All we have is now
Quincy Larson

How naive. Oh, don’t get me wrong, the “all we have is now” part is spot on. By all means, go play with your kids. But the last three, remotely bleak assumptions are pure technical hubris. If history shows us anything, it is that what we consider the “whole universe” at any given time is nowhere close to any such thing.

The current disposition on the extent of universe is embodied the cosmological principal; at the level of galaxy clusters, everything everywhere else out to infinity looks just like it does here; a presumption which requires that the Big Bang comprises the entirety of the (at least potentially) infinite universe. Poppycock.

Think of it this way. Every last physical phenomenon ever discovered turned out to have two immutable qualities. One — it was finite in extent. And two, there were more examples of that class of phenomenon scattered all over hell and gone.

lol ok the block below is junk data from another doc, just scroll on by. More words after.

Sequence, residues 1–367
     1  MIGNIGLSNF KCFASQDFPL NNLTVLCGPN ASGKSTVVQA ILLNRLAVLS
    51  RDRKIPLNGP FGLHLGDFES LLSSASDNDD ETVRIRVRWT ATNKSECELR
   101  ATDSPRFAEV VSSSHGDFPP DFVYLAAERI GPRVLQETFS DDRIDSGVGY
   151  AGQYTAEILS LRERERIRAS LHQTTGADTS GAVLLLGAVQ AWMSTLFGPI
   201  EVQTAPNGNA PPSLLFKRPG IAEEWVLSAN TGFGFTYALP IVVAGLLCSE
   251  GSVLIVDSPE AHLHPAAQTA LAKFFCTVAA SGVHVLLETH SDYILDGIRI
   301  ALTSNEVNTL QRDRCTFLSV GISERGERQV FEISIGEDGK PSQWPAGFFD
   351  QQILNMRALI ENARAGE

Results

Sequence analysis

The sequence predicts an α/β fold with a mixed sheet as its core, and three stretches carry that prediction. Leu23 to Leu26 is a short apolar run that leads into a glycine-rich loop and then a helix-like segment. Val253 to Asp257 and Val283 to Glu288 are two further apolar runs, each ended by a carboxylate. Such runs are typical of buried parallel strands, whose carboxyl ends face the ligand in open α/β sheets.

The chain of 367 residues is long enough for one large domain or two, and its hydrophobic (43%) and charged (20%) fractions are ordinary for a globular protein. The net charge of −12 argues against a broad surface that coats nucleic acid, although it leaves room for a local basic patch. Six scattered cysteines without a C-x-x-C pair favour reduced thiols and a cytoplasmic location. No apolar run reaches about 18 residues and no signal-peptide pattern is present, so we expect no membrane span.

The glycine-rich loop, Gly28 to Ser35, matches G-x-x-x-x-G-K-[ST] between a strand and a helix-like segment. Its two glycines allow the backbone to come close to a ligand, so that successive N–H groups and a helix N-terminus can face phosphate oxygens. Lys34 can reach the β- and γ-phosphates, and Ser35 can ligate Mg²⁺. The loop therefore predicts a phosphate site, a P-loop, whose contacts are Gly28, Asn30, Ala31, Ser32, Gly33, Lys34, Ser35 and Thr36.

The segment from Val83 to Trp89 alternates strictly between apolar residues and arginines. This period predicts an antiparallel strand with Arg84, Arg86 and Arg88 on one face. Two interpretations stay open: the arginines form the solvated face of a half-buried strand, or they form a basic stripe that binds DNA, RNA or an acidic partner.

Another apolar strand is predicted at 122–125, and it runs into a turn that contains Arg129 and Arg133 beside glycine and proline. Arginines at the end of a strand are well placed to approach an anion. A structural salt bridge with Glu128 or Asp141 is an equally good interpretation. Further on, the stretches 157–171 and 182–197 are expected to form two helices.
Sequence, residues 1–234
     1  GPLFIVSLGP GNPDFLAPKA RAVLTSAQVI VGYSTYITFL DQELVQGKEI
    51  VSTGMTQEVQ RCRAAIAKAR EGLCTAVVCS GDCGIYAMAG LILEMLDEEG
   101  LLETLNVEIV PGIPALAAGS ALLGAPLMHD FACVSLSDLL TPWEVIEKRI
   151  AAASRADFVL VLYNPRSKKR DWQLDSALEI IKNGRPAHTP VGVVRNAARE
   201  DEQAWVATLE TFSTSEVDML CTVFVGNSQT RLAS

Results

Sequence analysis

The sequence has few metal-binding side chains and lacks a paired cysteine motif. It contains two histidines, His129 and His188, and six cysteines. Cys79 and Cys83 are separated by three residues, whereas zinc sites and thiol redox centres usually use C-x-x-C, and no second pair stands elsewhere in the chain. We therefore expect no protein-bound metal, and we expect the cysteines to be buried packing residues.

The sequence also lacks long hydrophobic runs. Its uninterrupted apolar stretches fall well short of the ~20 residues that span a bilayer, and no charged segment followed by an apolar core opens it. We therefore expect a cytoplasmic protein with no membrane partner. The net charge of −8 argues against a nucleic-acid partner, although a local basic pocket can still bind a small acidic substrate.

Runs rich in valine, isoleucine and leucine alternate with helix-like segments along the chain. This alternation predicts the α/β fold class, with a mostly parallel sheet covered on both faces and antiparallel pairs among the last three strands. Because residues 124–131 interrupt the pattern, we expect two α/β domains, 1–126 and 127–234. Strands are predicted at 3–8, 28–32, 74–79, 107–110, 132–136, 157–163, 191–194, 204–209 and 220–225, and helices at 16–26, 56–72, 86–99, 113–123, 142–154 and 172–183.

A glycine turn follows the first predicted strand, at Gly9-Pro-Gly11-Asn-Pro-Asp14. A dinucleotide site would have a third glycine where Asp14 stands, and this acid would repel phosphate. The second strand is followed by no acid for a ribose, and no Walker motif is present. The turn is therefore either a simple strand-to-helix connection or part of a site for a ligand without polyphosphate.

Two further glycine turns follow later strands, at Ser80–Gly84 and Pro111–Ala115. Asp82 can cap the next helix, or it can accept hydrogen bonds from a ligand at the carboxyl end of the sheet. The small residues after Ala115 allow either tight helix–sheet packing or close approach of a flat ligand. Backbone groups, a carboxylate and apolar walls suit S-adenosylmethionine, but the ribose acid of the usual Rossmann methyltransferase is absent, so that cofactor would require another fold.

Thus, you can bet your last quatloo that the Big Bang is a local phenomenon (in a universe chock full of ’em) that lumps together somewhere with a bunch more of ’em to make even bigger stuff. That’s the picture.

So all the stuff around here may well fall into black holes, but we have no idea what may happen to those black holes later, if they get to a certain size (an blow up?), or fall into a region where some larger energetic phenomenon acts on them (and they form stable orbits around each other) or if they fall back into the grasp of the same phenomenon that spewed us all out 14 billion light years ago.

So lets quit thinking that we have any idea about what happens 10 ^ 15 years from now, and go play with our kids.